Saturday, February 8, 2014

Kind of Stressed, But Loving Life

Hello, everyone! It's another sunny day here in Brazil. My air conditioner is going at full blast, the sun is shining through my office window, and it seems like a wonderful day to take a nice cool dip in a baptismal font.

Sorry to hear it's still winter over in the states. Ha.

1) Stressed Out- I don't know if I've mentioned it before, but the week before transfers is easily the most stressful thing in the world. Especially when we have nearly twenty missionaries arriving, only six going home, and like a million houses to rent. I literally get a call every day from a new missionary who wants a new house. To give you an idea, the mission currently has 70 houses. I am trying to rent 21 new ones.

But that was true last week too. This week just turned it up a notch, since the missionaries need the houses by next Wednesday. The week was a roller coaster of emotion. One day I had all the houses  I needed, the contracts were approved, and we were ready to move. Then I would get a few calls and find out that some small problem had led to the whole contract being dropped. I was living in fear of my phone ringing. One moment I'd walk into President's office saying "well, President, I've landed five contracts. You can pick where you want to put the new missionaries." Then moments later I'd return and say we had nothing. And so on and so forth.

The funny part about all of this? I love it. I don't know that I could go home and have a profession that wasn't stressful. That being said, I'm a little tired. Like butter spread over too much bread.

2) The Economist- We started this week with an entertaining lesson with a new investigator. His name is Mario. And no, he is not an Italian plumber. He is an 88-year-old Brazilian economist. In fact, as we found out near the end of the lesson, he was one of the three founding economists here in Belo Horizonte. He's old, a little senile, but extremely intelligent. He went on a tangent (encouraged by a visiting member) about the history of Europe and how the English are stubborn and don't want to do anything like everyone else. He didn't seem to like them very much. I was a little offended, but didn't let that affect my teaching.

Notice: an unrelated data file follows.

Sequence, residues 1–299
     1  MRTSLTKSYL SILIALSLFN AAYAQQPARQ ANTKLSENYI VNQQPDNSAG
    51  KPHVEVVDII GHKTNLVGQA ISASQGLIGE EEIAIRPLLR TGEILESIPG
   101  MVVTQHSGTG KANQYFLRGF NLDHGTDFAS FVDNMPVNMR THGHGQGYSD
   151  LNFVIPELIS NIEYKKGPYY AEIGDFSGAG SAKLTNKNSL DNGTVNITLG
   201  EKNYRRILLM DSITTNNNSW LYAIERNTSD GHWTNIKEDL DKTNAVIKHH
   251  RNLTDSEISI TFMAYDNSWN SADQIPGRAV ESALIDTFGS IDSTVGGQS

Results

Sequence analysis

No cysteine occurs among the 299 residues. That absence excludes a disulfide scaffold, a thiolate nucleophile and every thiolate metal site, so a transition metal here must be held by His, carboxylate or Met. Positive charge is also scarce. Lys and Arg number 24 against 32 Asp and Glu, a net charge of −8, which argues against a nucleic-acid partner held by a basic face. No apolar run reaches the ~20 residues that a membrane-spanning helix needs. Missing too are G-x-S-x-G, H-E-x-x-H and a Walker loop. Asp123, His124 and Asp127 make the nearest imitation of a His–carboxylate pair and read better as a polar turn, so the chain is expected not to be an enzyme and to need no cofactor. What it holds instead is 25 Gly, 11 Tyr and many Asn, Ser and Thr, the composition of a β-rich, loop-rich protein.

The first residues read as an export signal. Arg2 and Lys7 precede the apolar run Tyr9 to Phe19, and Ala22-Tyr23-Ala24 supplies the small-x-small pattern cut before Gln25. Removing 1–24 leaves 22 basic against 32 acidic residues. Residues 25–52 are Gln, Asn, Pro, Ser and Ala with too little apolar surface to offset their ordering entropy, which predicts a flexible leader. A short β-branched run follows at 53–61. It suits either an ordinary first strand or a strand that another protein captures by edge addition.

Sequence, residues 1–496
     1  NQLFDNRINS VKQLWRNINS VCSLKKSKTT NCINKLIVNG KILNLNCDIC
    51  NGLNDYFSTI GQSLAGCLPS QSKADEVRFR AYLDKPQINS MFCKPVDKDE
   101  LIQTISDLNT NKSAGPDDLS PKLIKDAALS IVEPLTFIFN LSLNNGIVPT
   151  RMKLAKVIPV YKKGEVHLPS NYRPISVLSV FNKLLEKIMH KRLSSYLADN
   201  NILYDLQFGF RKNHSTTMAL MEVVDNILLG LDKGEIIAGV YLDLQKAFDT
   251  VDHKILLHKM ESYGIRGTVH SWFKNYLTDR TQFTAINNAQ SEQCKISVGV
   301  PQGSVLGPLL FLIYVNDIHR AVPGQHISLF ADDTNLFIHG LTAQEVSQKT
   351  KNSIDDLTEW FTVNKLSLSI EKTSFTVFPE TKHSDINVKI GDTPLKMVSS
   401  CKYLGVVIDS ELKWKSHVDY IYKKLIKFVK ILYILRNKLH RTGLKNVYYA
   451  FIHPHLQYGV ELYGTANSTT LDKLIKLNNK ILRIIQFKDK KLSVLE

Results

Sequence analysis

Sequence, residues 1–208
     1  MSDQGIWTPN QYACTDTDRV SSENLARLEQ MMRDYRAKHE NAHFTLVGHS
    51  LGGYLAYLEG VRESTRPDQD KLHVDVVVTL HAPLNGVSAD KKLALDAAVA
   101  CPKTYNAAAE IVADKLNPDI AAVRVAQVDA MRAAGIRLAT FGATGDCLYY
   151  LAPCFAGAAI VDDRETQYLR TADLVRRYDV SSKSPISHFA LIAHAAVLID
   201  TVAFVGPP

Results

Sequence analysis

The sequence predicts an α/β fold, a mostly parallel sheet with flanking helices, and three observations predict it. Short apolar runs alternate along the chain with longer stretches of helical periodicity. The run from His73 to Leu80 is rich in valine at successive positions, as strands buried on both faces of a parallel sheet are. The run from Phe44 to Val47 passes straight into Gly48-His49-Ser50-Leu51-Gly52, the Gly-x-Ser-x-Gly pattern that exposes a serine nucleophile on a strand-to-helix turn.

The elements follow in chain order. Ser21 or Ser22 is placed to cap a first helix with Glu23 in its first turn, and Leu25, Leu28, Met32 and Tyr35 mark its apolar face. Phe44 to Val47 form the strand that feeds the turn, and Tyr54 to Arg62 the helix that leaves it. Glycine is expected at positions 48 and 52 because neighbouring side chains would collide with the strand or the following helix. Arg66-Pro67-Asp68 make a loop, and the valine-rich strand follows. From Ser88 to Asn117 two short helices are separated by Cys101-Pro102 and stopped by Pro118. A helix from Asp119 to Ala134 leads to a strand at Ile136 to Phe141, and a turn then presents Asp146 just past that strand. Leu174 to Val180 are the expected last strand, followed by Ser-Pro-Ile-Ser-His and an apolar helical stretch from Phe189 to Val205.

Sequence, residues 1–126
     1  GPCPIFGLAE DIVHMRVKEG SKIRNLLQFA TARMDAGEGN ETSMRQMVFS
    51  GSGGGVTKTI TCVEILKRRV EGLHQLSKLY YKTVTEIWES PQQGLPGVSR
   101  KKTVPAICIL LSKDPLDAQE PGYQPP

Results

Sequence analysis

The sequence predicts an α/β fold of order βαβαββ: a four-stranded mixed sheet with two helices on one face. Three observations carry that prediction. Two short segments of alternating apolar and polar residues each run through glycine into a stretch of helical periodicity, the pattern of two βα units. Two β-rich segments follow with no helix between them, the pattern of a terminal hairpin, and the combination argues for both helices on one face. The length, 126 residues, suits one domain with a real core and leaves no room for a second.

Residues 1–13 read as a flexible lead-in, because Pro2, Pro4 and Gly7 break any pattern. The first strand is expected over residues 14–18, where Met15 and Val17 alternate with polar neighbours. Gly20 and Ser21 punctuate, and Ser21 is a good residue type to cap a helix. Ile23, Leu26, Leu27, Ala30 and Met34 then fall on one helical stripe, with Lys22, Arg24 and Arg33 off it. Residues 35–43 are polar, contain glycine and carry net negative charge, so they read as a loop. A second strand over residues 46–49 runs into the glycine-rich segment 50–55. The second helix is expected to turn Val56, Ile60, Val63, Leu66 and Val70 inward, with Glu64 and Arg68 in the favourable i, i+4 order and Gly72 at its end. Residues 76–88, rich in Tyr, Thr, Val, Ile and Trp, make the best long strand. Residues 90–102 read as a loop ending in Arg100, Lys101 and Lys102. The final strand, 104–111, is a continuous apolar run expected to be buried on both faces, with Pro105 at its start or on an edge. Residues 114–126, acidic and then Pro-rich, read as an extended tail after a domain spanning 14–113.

His daughter is a firm member of the church. She bore her testimony in church about how her mother had died last Friday and she prayed that she could go with her still-living father to be sealed together in the temple. Obviously we went to visit her that afternoon.

The lesson went well with him, and I have a lot of hope that this family will be able to fulfill that dream.

3) Meetings- This week was also crazy full of meetings. Ward council, leadership council, zone meeting, etc. There was a lot of good training from our leaders, especially President. It was pretty hard on the Zone Leaders, focusing on the theme "You need to change. You can do more." As leaders, far more is expected of them. But at the same time, in leadership positions, we have the right to so much more in terms of blessings. So we need to take advantage of that. When we receive callings in the church, the Lord qualifies us to that calling. I've certainly seen that in my time as financial secretary, doing my best at all times.

There were a number of messages that were powerfully delivered in the meeting. Defy all expectations. We have far more gifts then we are aware of. And that's so true. To any of you who feel like you are being asked to do difficult things: step up and do it. The Lord will help, and you will do more than you ever thought possible.

I want to leave the mission stronger than when I arrived. And for that to happen, I'm going to have to pass through the refiner's fire. What are we willing to do and experience in order to become better?

More then anything else, we need to remember the Atonement. Apply it to our lives. Christ's path was anything but easy, anything but smooth. And from Him we can learn patience, diligence, and love. As we study and apply these things, we become better. It isn't easy. But it is simple.

I love you all. You have so much potential. I wish I could communicate that to you, but it's only through a lot of prayer that you can really come to realize it. Pray. Study. Work. Love. It's all good stuff.

Much Love,
Elder Burt

No comments:

Post a Comment